Dike plan must wait
By LAURA McVICKER, Herald and News, August 14, 2006
A comprehensive plan for Klamath County dikes will
have to wait in line behind other emergency
preparedness efforts, local officials say.
Emergency exercises dealing with weapons of mass
destruction and a hypothetical Gerber Dam failure
are planned in the next few months, sidelining a
project aimed at assembling a database of levees and
dikes in the county, said Klamath County emergency
manager Bill Thompson.
Following a June 15 meeting, emergency officials
along with U.S. Corps of Engineers and Bureau of
Reclamation officials formed a dike task force and
planned to create a comprehensive database of dikes.
Gerber dam exercise
But in November, attention will turn to a Gerber
Dam-failure exercise, involving the Bureau of
Reclamation and the sheriff's office in addition to
emergency services. The exercise will address how to
handle a dam failure, which Thompson deems a greater
risk than another dike break.
“Levees are important, but we have bigger ones right
under our windshield,” Thompson said.
In September, local law enforcement officials will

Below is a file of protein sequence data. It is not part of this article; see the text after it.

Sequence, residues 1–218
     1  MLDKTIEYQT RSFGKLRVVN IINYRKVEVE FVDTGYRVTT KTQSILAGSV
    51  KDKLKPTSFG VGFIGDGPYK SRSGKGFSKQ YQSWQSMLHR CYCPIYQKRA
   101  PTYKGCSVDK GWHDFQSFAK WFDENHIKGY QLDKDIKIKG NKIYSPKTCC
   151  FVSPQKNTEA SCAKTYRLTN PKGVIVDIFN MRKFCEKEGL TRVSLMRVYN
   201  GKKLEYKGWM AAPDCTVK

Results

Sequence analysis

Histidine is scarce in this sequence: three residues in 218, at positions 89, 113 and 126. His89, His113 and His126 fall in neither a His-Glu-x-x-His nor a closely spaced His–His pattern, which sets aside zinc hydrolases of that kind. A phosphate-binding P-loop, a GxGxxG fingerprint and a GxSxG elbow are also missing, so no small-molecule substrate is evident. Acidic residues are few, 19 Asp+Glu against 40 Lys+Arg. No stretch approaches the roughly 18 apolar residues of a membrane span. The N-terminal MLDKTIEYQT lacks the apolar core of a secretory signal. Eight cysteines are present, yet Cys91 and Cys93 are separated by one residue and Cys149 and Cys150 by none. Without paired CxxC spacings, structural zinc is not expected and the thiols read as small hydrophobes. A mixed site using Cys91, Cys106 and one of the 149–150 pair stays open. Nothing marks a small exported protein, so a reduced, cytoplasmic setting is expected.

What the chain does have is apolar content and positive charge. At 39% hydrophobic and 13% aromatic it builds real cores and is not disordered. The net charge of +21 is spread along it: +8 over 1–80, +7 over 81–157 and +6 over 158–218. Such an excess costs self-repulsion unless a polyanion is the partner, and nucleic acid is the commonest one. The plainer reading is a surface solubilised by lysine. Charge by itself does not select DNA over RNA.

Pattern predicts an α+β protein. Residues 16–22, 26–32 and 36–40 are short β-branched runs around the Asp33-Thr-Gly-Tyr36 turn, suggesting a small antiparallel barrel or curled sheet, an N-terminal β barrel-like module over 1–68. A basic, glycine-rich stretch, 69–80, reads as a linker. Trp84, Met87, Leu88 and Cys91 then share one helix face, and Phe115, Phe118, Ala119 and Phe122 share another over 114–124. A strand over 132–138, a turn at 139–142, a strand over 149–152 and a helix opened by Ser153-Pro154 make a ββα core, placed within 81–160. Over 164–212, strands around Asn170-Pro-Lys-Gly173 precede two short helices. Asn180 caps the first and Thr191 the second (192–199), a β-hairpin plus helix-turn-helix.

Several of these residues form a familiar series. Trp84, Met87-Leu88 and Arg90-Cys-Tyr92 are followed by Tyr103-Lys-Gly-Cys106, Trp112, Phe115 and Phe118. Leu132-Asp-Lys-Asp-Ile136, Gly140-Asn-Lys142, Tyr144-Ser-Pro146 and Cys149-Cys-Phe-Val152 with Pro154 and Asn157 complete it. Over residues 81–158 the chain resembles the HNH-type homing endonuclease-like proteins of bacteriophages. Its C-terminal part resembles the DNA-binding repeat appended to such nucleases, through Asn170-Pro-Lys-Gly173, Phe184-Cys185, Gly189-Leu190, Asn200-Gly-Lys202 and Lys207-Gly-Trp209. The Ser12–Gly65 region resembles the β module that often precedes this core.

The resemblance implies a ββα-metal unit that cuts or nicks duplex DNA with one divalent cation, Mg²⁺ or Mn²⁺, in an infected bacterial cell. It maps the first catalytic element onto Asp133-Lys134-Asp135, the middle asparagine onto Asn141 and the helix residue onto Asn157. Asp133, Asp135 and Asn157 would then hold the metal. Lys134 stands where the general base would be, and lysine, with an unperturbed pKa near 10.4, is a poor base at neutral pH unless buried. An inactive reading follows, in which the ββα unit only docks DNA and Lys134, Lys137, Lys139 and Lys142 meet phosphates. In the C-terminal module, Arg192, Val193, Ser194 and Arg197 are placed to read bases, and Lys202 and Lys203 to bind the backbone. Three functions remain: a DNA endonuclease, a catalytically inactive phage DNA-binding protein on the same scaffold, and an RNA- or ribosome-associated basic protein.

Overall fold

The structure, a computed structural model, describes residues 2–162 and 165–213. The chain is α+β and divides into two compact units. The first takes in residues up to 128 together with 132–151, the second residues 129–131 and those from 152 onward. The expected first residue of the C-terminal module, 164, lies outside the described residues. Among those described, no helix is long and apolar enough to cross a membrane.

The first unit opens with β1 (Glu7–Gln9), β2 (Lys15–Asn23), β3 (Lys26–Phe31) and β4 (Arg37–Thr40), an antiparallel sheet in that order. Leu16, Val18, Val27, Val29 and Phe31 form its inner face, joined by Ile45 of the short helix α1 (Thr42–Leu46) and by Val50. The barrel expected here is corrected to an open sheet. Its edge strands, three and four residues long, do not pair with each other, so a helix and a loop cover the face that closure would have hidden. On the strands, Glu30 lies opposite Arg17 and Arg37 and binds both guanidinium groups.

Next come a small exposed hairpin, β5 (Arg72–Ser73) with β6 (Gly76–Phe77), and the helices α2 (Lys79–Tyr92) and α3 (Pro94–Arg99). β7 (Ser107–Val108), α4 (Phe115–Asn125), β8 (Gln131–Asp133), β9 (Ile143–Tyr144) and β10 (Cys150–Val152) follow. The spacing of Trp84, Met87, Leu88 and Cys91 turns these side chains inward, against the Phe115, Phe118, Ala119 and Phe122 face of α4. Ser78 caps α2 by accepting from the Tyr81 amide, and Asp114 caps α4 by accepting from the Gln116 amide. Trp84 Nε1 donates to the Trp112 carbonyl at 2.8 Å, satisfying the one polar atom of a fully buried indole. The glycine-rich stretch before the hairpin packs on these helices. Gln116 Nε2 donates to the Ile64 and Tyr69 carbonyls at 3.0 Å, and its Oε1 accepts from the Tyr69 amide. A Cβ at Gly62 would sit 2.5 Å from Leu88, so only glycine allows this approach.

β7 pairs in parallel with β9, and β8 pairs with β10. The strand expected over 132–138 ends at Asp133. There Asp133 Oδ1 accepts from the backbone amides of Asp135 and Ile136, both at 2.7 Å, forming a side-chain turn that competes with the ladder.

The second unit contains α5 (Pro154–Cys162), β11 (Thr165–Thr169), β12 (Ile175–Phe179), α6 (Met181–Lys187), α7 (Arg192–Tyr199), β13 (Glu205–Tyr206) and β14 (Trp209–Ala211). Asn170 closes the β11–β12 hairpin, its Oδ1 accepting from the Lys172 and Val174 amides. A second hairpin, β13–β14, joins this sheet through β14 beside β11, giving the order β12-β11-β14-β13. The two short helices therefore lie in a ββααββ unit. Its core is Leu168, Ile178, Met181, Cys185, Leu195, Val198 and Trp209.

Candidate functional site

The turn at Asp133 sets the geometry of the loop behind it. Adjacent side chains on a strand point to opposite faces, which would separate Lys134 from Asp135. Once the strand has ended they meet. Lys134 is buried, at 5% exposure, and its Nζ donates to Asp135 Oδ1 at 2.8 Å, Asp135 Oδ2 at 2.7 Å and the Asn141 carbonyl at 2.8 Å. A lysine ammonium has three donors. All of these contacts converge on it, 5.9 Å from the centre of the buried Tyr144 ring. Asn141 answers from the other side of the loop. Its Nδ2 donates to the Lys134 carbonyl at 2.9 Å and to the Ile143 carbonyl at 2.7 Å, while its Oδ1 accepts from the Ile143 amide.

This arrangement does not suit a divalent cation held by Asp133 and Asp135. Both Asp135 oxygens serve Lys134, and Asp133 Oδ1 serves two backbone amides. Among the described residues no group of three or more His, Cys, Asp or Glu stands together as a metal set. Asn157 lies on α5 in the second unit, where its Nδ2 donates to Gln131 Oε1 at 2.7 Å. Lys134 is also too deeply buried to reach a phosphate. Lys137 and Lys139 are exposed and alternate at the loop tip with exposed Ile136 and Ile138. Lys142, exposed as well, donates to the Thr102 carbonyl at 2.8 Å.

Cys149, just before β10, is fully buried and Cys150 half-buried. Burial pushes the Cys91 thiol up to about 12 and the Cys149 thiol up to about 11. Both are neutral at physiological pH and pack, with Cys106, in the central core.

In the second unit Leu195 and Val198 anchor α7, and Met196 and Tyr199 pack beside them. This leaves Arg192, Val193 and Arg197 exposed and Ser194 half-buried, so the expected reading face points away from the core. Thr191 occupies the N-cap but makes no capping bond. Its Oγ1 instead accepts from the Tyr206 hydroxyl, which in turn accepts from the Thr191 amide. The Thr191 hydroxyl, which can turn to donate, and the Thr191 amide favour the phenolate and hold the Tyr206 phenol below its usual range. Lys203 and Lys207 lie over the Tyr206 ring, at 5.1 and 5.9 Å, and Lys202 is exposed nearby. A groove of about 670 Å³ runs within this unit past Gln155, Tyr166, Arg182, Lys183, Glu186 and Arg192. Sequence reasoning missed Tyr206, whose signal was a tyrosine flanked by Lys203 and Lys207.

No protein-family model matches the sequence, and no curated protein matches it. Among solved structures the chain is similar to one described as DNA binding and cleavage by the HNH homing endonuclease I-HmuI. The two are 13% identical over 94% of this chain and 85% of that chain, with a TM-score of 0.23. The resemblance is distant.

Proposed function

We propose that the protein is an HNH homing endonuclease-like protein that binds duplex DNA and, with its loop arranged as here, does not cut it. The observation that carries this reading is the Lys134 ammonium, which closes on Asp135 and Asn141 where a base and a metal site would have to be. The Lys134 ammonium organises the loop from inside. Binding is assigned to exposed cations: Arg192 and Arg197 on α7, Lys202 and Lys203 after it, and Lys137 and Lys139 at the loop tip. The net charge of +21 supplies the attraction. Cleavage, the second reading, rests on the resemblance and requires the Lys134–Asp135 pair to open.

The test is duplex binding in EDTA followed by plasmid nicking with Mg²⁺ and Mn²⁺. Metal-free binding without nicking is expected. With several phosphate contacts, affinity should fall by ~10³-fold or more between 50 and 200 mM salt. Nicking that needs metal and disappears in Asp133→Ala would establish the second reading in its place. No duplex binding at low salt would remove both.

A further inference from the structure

join emergency services for a federally mandated
exercise dealing with weapons of mass destruction.
Dike task force
The intent of the June 15 meeting and the task force
was to find and inspect levees and dikes, Thompson
said. From there, the group plans to make
recommendations to owners and others responsible for
They haven't set their next meeting yet, nor have
the Corps of Engineers been in Klamath County since
leaving June 16. But a Corps spokeswoman said
officials are assessing who is eligible for the
Corps' inspection program.
Dike owners who are included in special taxing
districts or associations organized for dike
maintenance can qualify for the inspections. No dike
owners or others responsible for dike maintenance
requested federal inspection before the June 15
meeting. So far, members of the Lakeshore Garden
Drainage Association - residents who are in charge
of a levee on Lakeshore Drive - have been the only
owners who have requested federal inspection.
Ironically, the June 15 meeting - set back in March
- came a week after waters poured through a 200-foot
gap in the broken dike, flooding 2,000 acres of
farmland and closing a portion of Highway 140 for
days. It also caused millions of dollars in damage.
Questions then emerged as to who is in charge of
inspecting dikes. County commissioners have said
they don't have jurisdiction over the maintenance of
Emergency services are in charge of disaster
preparedness, but aren't managers of dikes.
The sheriff's office only steps in where there's a
public safety risk.
Records of owners of land adjacent to and dependent
on dikes are available from the Bureau of
Reclamation, yet officials say there are no records
of who is responsible for maintenance.